Revamping every* ship in EVE is an intense process, leveraging the entirety of our art team from concept artists to tech artists and programmers to QA. It takes extreme staff coordination and resource commitment, not to mention a lockout of publishing while the work is underway (lest an incomplete asset somehow make it into game without appropriate textures and shaders). Overall, this overhaul of every hull is oeuvre hell.
We’ve done it twice in the last six months.
The initial Physical Based Rendering (PBR) effort, known informally as “V5,” helped us to increase the realism of our assets by abandoning the Phong reflection model. You can read more about the process in the exquisitely edited devblog here. While that first V5 initiative was a huge step toward presenting a more visually immersive experience, it left a lot to be desired with regard to the actual appearance of ships in New Eden. Some details were lost, some colors behaved sub-optimally, and the balance between reflective and non-reflective surfaces was inadequate on a number of hulls. We identified these shortcomings and others in December, then immediately began to determine ways we could adapt and improve.
The result of that research is “V5++,” a complete reworking and repacking of all ship texture maps into a new system which works with new shaders.
New Texture Maps
Our first PBR push last year added two new texture types to our system – Albedo to replace diffuse maps and Roughness to replace specular maps. With V5++, we are adding two new texture maps to all ships. Material now appears on its own, rather than being indicated two separate maps. By using a limited greyscale system, we have been able to expand the number of available materials per hull. We’ll discuss the benefits of that addition later on.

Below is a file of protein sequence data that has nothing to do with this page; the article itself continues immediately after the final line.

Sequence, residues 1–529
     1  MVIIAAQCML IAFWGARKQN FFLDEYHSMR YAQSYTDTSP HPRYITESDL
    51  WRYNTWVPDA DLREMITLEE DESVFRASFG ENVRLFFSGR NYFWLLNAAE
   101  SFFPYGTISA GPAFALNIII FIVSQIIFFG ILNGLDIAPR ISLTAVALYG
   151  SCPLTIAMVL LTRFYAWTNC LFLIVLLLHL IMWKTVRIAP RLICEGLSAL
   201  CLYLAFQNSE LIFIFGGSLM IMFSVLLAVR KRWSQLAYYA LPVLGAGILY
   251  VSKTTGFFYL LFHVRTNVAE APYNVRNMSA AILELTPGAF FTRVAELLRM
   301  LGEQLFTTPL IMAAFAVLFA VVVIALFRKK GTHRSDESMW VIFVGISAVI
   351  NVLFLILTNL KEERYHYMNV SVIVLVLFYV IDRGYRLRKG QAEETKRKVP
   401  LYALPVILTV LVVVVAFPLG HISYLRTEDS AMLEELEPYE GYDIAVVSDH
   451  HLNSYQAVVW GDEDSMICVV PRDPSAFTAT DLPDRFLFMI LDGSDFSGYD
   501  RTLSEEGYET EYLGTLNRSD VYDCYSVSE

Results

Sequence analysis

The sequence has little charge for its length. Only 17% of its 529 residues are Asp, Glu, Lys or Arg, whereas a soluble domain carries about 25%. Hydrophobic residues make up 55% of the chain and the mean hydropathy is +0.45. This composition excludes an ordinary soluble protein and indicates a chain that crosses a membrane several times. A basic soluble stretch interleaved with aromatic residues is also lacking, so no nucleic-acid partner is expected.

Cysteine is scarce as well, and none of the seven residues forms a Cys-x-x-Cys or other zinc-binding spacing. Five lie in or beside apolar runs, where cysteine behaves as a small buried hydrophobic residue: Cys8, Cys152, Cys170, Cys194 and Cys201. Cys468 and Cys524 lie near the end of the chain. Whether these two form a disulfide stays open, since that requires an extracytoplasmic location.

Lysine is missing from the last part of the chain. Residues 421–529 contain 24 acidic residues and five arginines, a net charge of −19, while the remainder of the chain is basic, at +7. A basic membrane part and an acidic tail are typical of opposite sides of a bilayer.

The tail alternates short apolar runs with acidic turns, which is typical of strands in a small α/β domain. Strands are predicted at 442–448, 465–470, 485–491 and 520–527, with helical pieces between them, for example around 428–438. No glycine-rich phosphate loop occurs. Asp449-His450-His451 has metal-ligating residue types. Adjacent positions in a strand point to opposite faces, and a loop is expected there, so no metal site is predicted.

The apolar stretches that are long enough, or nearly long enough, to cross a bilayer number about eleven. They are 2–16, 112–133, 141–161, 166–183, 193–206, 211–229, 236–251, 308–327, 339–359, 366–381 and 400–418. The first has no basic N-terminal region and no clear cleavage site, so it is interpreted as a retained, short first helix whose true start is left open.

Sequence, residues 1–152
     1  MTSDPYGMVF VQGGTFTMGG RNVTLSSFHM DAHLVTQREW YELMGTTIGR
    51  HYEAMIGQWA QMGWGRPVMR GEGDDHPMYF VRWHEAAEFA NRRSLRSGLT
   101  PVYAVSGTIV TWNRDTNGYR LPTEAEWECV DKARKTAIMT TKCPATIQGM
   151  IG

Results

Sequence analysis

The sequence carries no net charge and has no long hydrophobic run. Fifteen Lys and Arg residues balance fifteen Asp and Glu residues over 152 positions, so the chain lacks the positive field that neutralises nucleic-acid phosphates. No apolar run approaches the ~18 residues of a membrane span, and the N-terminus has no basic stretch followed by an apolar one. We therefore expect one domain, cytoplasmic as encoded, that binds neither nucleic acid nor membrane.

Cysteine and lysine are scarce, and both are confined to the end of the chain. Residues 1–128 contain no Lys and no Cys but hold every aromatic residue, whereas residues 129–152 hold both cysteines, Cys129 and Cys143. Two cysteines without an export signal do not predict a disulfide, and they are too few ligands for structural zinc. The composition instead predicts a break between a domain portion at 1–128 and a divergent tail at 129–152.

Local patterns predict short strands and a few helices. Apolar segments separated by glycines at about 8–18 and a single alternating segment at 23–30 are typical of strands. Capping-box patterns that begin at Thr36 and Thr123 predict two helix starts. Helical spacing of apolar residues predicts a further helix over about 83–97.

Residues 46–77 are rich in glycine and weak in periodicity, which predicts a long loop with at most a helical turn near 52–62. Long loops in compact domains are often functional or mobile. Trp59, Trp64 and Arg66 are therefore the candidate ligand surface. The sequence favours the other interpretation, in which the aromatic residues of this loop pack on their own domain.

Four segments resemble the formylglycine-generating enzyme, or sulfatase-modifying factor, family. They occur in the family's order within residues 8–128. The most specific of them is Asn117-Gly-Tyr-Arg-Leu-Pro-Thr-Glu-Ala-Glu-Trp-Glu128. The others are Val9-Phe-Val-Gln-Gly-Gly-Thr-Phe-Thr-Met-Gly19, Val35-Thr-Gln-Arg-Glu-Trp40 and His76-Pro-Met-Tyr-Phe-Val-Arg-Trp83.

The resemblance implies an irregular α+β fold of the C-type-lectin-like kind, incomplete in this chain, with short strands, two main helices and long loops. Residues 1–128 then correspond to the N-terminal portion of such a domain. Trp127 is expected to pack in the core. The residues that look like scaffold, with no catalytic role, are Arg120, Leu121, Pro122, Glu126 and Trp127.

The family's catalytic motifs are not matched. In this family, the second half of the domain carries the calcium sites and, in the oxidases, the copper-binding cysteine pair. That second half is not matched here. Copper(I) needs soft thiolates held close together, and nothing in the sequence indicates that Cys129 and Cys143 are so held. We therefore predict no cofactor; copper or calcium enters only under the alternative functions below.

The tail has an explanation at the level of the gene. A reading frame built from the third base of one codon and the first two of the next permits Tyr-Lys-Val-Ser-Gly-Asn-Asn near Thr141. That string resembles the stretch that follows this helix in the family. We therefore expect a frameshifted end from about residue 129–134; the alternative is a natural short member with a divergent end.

The Dirt map is completely new. This map will ultimately enable the display of a variable range of space grime, filth, and unsightly buildup according to selected parameters which are currently under consideration. Initially, however, the map is used to variegate the immaculate hulls of EVE at a predetermined level, providing contrast and color in addition to a little flavor.
Additionally, every ship now features an Ambient Occlusion map, once reserved only for capital ships. This enhances the realistic behavior of reflection on all ship hulls, reducing shine when a surface sits somewhere entirely lusterless. We’re still simulating the effect, but in a far more realistic manner than previously possible.
The p1 and p2 maps were once independently responsible for differentiating material surfaces on ship hulls. The initial PBR pass left this system in place, but in V5++, these maps have been combined into the material map mentioned above. All material information is now handled by this single map in four tone grey scale.
But wait, there’s more! Like an industrial strength mail order cleanser, this change introduces increased control over rust. The best way we’ve found to present rust in space involves the use of two separate materials. In the previous 3-material system that was a bit too expensive; we didn’t want to be limited to two materials and one accent. V5++, however, allows a 4th material. With the added utility we can now keep three primary materials, and have more realistic rust on Minmatar hulls. The Amarr, Caldari, and Gallente hulls receive non-rust benefits in the form of improved metal and tech areas.